So what does this mean for the store? First, book sales are clearly delineated between players and DMs. While 3.x books sold a mish-mash of books to both groups, many of whom grumbled about usable content, 4e players happily skip DM books and are far more likely to buy player books. Player books are a store bonanza, selling 2-3 times as many as a 3.x book. DM books sell far fewer copies than before, but to much happier customers. Sales are also far spikier, like what we find with Games Workshop products. What does this mean? People come in and buy their books on or close to the release date in droves. It's harder to regulate inventory, but it's rewarding when you get it right.

Spiky sales means good company communication. Customers know of a release and its date because Wizards of the Coast has successfully transmitted that information. I think this is also a by-product of the D&D Insider service, which tells you on the sidebar of current and upcoming products. That's not new, but how many people hung out on the WOTC site before 4e? I'll also point out that the usefulness of the digital tools in no way precludes the need for print products. It's a fine line, for sure, and I use a lot of digital content for products I don't care about (RPGA adventures have fantastic scaled monsters). However, I'm very happy to have the print product to reference when I make a digital selection.

So what don't I like? The Dungeon Master's Guide errors are so astronomically bad as to necessitate some sort of special re-print. This is the book I originally hinted at as being irrelevant, yet I now use it extensively as a template for traps and skill challenges. The DCs are all off and the errata only goes half way. In general, anything with a DC in the DMG can't be trusted. Traps and Skill Challenges should be in the Compendium tool. That would go a long way towards fixing the DMG problems. It's the only content that I need that is not available in digital format.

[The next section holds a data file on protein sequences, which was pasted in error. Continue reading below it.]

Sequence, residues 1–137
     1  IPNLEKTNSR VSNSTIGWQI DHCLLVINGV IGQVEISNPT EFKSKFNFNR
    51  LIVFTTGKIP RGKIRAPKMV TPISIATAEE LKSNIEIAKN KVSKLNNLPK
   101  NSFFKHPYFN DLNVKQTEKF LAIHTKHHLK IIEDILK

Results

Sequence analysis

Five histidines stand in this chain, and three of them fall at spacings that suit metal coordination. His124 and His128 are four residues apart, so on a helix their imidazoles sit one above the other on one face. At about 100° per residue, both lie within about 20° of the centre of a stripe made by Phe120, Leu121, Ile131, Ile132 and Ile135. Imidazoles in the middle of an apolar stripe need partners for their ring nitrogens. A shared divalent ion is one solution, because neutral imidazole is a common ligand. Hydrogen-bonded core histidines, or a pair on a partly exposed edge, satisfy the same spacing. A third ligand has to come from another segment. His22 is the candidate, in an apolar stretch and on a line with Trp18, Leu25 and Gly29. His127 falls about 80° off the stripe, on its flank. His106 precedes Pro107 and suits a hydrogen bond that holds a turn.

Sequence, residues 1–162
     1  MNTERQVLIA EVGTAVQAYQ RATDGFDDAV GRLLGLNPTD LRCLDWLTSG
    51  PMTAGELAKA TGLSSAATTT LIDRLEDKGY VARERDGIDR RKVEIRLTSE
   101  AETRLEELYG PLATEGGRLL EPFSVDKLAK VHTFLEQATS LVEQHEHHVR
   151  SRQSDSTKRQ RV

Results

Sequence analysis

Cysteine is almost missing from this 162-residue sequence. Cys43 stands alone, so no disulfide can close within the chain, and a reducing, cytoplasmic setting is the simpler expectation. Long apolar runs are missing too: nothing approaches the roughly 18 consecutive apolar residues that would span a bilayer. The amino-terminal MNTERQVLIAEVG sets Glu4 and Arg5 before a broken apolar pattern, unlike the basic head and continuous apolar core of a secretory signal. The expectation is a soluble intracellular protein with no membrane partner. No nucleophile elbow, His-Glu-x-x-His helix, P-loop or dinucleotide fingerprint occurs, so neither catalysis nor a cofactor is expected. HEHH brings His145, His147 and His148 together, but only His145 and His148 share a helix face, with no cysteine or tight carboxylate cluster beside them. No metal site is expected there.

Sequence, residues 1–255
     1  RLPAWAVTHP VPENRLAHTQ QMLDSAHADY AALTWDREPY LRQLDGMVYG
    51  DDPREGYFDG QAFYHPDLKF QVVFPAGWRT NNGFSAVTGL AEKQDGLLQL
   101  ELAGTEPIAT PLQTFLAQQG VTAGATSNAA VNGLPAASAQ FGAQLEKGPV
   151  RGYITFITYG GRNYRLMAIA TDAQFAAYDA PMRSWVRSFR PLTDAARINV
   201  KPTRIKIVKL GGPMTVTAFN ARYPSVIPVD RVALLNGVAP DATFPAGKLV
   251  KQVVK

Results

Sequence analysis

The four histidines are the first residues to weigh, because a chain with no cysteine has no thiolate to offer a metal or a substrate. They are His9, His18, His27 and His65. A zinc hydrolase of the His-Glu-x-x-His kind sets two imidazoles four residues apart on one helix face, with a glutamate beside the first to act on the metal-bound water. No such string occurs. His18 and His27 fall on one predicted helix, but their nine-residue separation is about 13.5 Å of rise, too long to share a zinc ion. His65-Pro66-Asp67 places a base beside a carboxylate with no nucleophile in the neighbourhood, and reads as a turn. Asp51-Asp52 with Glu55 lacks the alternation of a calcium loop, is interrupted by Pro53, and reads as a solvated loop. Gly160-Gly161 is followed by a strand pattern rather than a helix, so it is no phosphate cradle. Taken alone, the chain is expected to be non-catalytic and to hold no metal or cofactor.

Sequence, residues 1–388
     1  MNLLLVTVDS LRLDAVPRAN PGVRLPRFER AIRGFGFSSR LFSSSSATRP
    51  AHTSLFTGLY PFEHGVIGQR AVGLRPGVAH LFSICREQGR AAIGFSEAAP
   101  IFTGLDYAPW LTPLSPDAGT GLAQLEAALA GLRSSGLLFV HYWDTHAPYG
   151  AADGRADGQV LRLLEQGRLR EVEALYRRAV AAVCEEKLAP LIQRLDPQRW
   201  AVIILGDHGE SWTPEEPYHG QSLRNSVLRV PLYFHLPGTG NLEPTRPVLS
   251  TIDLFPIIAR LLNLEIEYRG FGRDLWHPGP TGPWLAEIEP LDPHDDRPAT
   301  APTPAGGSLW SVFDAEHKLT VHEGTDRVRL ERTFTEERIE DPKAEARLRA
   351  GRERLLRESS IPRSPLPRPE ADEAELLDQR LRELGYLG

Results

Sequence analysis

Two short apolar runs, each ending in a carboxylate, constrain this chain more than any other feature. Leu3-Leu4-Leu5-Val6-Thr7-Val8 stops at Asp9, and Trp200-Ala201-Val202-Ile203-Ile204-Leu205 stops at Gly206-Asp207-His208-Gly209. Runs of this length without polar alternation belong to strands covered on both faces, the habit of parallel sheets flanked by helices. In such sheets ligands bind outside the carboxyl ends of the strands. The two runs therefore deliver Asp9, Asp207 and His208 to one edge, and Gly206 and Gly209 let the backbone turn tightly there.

There are few dog products in D&D 4, the truly bad ones are the special editions. These are the core books at $75 with gilded edges and with the first generation of errata. Someone forgot to pleather bound them. Big mistake. The digital tools are still clunky, but getting better. I don't know if I'm a normative user, meaning my method of using them are typical, but I would like to see the tools better formatted and integrated into how I use them. For example, my copy and paste routine should be less work. An actual encounter design tool that does what I do in Word would be ideal. That would be a full solution rather than a suite of tools. A link to a graphic of the monster would be helpful too and perhaps a real link to the RPGA adventure when that has been referenced, rather than the RPGA home page. Overall it's a great start. Remember, 4e has been out less than a year.



  2. Sorry. I meant to add to the above that the link is to the results of a survey.

    Looks like you fall in line with their results.

    I did too.

  3. A couple more suggestions.

    DDI should be accessible via Mozilla.

    DDI timeouts for logins should be extended significantly. I'm multi-tasking when those tools are open, so it's not unusual for me to come back to them 20 minutes later.

  4. They are accesible through Mozilla. That's pretty much all I use. Explorer sux.

  5. I see they fixed that. For a while, I could only login via IE.

  6. There are one or two annoying things that via mozilla. Not showstoppers, but not great.

  7. Man Gary, you are really selling me on D&D. I'm going to have to go look for those Dungeon Delve books at the FLC/GS here.

    By the way, when I google "Quest for Fun", the first item to pop is a Furry porn site. Your blog is 3rd. Sorry.

  8. It's hard to compete against dress up porn.